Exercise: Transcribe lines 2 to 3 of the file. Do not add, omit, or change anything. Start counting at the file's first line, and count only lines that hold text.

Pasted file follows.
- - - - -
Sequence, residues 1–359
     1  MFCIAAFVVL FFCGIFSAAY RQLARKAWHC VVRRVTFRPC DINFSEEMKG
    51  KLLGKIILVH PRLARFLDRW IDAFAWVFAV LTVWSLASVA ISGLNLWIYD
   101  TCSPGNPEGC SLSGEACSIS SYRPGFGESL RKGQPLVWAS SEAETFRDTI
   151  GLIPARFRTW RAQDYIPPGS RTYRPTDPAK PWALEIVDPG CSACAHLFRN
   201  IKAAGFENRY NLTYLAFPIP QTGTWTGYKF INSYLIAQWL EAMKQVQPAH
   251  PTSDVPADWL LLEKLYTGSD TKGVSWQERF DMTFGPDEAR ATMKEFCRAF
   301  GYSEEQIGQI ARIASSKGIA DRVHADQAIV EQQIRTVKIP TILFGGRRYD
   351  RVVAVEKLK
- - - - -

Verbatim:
     1  MFCIAAFVVL FFCGIFSAAY RQLARKAWHC VVRRVTFRPC DINFSEEMKG
    51  KLLGKIILVH PRLARFLDRW IDAFAWVFAV LTVWSLASVA ISGLNLWIYD